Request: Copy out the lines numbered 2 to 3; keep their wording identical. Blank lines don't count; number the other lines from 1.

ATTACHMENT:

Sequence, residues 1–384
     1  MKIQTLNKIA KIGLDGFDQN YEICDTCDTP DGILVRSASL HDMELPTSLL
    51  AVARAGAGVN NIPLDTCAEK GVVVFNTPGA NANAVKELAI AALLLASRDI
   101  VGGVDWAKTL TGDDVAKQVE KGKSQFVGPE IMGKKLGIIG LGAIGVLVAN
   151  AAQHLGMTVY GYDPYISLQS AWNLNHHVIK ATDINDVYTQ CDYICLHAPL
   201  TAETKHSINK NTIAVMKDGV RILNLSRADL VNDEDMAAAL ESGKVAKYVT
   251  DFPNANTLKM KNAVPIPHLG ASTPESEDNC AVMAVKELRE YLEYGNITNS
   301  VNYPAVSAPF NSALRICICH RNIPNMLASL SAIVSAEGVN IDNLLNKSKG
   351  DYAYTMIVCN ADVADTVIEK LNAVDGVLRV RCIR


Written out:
     1  MKIQTLNKIA KIGLDGFDQN YEICDTCDTP DGILVRSASL HDMELPTSLL
    51  AVARAGAGVN NIPLDTCAEK GVVVFNTPGA NANAVKELAI AALLLASRDI